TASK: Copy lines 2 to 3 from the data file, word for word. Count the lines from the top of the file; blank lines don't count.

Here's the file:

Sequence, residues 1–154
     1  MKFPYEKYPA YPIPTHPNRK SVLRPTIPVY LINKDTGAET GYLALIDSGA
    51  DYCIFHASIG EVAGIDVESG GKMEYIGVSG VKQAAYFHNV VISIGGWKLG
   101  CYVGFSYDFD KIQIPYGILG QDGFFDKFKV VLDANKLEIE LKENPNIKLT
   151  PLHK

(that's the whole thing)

     1  MKFPYEKYPA YPIPTHPNRK SVLRPTIPVY LINKDTGAET GYLALIDSGA
    51  DYCIFHASIG EVAGIDVESG GKMEYIGVSG VKQAAYFHNV VISIGGWKLG